各有千秋 (ge4 you3 qian1 qiu1)
Translation: I think the two of them each have their own merits.
You can use this idiom whenever you do not feel like saying one is better than the other. Which for me happens quite a bit. The idiom has a more complex origin as it takes some imagination to arrive at the modern meaning. 各有 means “each has” and 千秋 mean “a thousand autumns” which symbolizes “a thousand years.” Thus, 各有千秋 literally translates as “each has a thousand years”. However 千秋 further extends in meaning to translate as “existing far into the past”, thus it has “value” if it has lasted so long. As a result, 各有千秋 together also literally means “each has its own values (that can last a thousand years)”. Today, it has become “each has their own value/merits.”
幸災樂禍 (xing4 zai1 le4 huo4)
小S (female host also called 徐熙娣): 他們兩個能受得了彼此，我都覺得很厲害。
徐熙媛 (yuan2; sister of 小S): 妳還幸災樂禍。
Little S: I find it amazing that they can tolerate each other.
Xu Xi-Yuan – You really relish in other people’s pain.
Perhaps it’s only me, but I have found myself using this idiom a lot. Although, if I am honest, it’s mostly in describing myself. Anyway, this character resembles 光宗耀祖 in structure. The first and third characters, 幸 and 樂, have similar meanings of “happiness”. The second and fourth, 災禍, actually mean “disaster” when read together. Therefore, making the jump to “taking happiness in other’s pain” is not too difficult. In the video, 小S talks about the relationship between her sister, 徐熙娣, and her sister’s husband. 小S brings up the two of them “tolerating each other” because her sister kicked her husband out of the delivery room.
入口即化 (ru4 kou3 ji2 hua4)
Context: （這個叉燒）有入口即化的感覺。or （這個叉燒）入口即化。
Translation: This char siu (barbacued pork) melts in your mouth.
When we break it down, 入 means “enter”, 口 means “mouth”, 即 means “immediately” and 化 means “melt”. Literally, we have it meaning “enter mouth and immediately melt.” The host of the episode, 林奕廷 (lin2 yi4 ting2), uses the 成語 for the 叉燒 or “barbecued pork” at a place called 尹(yin3)麵之家. She describes the pork they make as “melting in one’s mouth”.
見仁見智（jian4 ren2 jian4 zhi4）
Translation: I personally think each person differs in how much tolerance they have for (certain) questions.
見 means “to look at”, 仁 means “benevolence” and 智 means “knowledge”. As it comes from 易經 or the “Book of Changes” from 1000 years BCE (which is debated), the sentence cannot be directly translated. Originally, the sentence was “仁者見之所謂之仁，智者見之謂之智”. I could spend time decoding the classical Chinese, but simply put, it translates as “Look at what benevolent people call benevolence. Look at what wise people call wisdom.” Over thousands of years, it has taken the meaning of “having differing views due to different standpoints”. In the vlog post by Lexie Tai, Lexie discusses how people react to questions. In her opinion, we are all different, so the reaction will be different.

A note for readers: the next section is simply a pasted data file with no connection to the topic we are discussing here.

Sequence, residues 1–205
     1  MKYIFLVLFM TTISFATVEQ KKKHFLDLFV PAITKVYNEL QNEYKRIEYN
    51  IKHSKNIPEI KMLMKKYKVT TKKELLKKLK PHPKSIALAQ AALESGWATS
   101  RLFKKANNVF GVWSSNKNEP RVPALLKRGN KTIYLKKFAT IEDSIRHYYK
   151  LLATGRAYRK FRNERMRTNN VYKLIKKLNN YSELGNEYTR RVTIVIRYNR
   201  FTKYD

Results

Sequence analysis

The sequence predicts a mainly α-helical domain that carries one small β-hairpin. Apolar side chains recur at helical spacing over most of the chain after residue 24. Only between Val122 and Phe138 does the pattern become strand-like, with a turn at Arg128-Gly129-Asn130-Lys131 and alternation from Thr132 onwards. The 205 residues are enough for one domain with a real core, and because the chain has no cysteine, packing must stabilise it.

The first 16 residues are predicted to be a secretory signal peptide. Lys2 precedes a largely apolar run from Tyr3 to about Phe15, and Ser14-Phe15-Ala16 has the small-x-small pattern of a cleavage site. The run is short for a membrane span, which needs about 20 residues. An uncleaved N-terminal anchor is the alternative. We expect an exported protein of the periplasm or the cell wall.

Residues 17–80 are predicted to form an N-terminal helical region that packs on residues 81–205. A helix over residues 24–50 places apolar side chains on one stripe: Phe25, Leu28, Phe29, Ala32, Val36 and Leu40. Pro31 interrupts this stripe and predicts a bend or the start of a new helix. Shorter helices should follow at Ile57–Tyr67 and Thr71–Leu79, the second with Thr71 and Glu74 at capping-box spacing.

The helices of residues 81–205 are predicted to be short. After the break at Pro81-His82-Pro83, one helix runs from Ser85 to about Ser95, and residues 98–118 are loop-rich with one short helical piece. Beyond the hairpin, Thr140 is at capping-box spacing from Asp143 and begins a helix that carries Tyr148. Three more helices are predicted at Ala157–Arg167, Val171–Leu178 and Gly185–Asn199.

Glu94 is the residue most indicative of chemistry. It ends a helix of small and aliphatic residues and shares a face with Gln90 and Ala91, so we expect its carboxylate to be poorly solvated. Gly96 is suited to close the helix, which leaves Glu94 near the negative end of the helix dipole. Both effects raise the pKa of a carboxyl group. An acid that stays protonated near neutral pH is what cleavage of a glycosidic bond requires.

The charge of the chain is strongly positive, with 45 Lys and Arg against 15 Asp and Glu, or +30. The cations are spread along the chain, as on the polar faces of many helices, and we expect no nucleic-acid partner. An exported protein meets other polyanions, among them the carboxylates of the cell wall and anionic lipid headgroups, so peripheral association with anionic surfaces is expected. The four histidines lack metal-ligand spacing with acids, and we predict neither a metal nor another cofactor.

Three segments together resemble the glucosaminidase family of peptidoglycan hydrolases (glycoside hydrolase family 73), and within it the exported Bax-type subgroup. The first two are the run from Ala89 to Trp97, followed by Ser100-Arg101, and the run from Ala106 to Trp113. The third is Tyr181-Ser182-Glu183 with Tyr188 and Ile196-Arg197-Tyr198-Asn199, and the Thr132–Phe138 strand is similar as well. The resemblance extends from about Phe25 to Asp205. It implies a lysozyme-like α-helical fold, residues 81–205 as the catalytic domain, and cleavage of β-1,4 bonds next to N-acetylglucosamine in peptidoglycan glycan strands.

設身處地 (she4 shen1 chu3 di4)
Context (paraphrasing): 如果要增進社會的整體福利，就得替他人設身處地。
Translation: If one wants to improve the overall welfare of a society, one should put oneself in other’s shoes.
設 means “to imagine”, 身 means “body”, 處 (when third tone) means “to be located”, and 地 means “place”. When combined together, it literally translates as “imagine (your) body is located where another person is.” If we connect the dots, it means “to empathize” or “put oneself in another’s shoes”. Calling herself 囧(jiong3)星人, the vlogger recommends a book with a theme about learning to consider how another thinks and feels.
Bonus: 囧星人 uses even more idioms that have the same meaning. For example, she says 感同身受, 人溺(ni4)己溺, and 人飢(ji1)己飢. The first means “to feel the same pain as somebody else”. The second means “to feel as if drowning when another person drowns” and the third is close in meaning with “to feel hungry when another is hungry.” In the last two idioms, 人 broadly refers to “others” and 己 “oneself”.
Take Your Chinese to a Whole New Level!
After looking at these examples, you may have noticed how frequently Chinese idioms are used. All of the people in these videos use idioms in their common speech. After understanding the true meaning and origins of idioms, your ability to comprehend new idioms will improve immensely. And when you start using them in daily speech, you can 讓你的中文水平更上一層樓!